The game plan for the GW men’s and women’s cross country teams is simple: slow down. If the teams go too fast too early, they’ll burn the resources needed to withstand an unusually long season.
This is especially important to the men’s team, which features six freshmen – Darrell Andruski, David Azari, Nick Capone, Mandeep Chahil, Adam Grabel and Devin Kennington. Freshmen typically are not ready for college meets, which are about two miles longer than high school meets. The challenge for fourth-year head coach Jim Hopkins is in bringing them along slowly.
Last season the men’s team included three freshman, but Hopkins said he was not as careful with their development. Hopkins threw them in and asked that they be as strong as the upperclassmen. But their bodies couldn’t handle it, he said.
It was too much, too hard and too fast, Hopkins said. This year I’m doing it differently. I’m bringing them along slowly.
The freshmen are running less during practices. When the upperclassmen run five miles with a minute of rest between miles, the freshman will run four miles with a minute of rest. Hopkins also demands that his freshman do not compete in practice, fearing they will get too familiar with their own turf and will not be able to adapt to other courses.
It’s impossible to say whether it has paid off so far, since runners are really just trying to put on mileage. Freshman Darrell Andruski was the team’s top finisher last weekend when he placed 15th out of 60 runners at the Navy Invitational. But, Hopkins isn’t getting excited quite yet.
I’ve seen freshman come in and run their first meet, Hopkins said. But then they fall off. They get beat up as freshman.
Two freshman stars, David Talbird and Matt Kascak, burned out last season. In their early races the freshmen were keeping pace with the school’s top runner, Jeff McCarthy. But in the end, their performances dropped.
The same thing happened to Mike Donaldson during his freshman year. The senior said it has taken three years to return to his old form.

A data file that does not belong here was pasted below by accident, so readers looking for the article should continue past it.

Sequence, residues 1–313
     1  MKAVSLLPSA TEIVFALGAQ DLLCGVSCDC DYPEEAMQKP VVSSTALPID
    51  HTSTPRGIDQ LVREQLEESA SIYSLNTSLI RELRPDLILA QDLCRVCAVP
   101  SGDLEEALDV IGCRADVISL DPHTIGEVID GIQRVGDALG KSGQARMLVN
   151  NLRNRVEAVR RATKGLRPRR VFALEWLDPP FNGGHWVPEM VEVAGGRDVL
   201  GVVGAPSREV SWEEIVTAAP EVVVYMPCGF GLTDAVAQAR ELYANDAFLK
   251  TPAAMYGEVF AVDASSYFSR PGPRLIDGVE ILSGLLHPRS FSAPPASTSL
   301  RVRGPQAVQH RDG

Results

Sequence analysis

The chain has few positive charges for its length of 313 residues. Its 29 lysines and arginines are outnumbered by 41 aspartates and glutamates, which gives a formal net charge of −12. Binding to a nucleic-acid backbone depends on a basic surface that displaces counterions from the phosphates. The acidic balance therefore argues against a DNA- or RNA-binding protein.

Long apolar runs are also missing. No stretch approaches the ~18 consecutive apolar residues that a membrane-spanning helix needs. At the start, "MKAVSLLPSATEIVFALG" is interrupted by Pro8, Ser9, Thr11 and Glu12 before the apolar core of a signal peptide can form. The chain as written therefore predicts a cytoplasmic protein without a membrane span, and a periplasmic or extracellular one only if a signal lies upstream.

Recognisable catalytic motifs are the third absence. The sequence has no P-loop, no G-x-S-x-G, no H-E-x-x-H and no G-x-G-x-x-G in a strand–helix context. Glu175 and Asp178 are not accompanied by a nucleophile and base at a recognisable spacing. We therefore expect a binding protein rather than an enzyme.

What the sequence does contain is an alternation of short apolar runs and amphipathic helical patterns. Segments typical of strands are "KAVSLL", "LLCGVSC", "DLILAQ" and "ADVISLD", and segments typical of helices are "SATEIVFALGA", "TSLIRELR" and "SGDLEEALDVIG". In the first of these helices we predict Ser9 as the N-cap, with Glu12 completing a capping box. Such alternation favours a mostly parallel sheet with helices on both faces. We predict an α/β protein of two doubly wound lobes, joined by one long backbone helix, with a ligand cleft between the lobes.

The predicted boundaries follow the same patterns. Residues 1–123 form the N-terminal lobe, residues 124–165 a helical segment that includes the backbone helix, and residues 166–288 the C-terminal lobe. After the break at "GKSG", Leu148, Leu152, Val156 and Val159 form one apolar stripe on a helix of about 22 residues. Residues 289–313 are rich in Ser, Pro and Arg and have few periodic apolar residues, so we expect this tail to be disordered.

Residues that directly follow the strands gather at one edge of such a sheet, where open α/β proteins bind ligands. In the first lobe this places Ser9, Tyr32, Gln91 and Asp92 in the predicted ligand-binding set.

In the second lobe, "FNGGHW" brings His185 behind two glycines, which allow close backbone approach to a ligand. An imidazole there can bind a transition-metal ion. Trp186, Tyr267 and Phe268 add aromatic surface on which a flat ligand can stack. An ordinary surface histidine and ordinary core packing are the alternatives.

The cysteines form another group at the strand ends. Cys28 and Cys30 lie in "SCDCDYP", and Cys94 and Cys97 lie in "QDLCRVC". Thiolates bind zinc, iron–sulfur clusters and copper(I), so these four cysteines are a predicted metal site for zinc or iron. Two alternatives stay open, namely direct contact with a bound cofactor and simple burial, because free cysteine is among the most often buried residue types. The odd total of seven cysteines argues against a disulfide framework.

I had a great freshman year, but then I burnt out, Donaldson said. Ever since then I’ve gotten worse and worse.
Last spring, Donaldson finally found his pace and has been running at his best ever since. Hopkins expects better times from his team this year partly because of Donaldson’s strong performance.
Talbird and Kascak are another source of confidence for the coach.
Hopkins said the two runners look great in practice and don’t seem to be overworked. Hopkins also said he thinks the two sophomores can run as well at the Atlantic 10 Championship meet as McCarthy did last year (seventh out of 103).
But while McCarthy was easily one of the best runners in the conference last year, the rest of the GW team couldn’t keep up. Hopkins said he knows he cannot let one runner dominate the team.
We need to have more balance, Hopkins said.
This means that instead of having one great runner, Hopkins wants a pack that can dominate the middle parts of the race. Team depth will be the ultimate key come October, Hopkins said.
Hopkins is realistic, however, about what to expect from his teams. He said he wants his women’s team to be more patient.
They have to have the confidence that they will get faster, Hopkins said. But it’s critical that they work together and be good teammates.
The women’s team has four freshmen – Jen Bacon, Laura Martin, Christina Mick and Kristin Smith. With four seniors, four juniors and three sophomores they’re a much older team than the men’s squad.
The women’s team is a lot different than the men’s, Hopkins said. We’ve got a large group. I don’t think we have one or two runners who will dominate a race. I don’t think we have one outstanding runner. We’ve got really good seven, eight, nine runners.
Hopkins said the goal is to have five to seven runners finish between 25th and 50th place in any one race.
At last weekend’s Navy Invitational, Peterson finished 23rd out of 63 and Dietrich finished 33rd. Dietrich said she and her teammates have a positive outlook on the season – mainly because of Hopkins’ leadership.
I put all my faith in him, Dietrich said.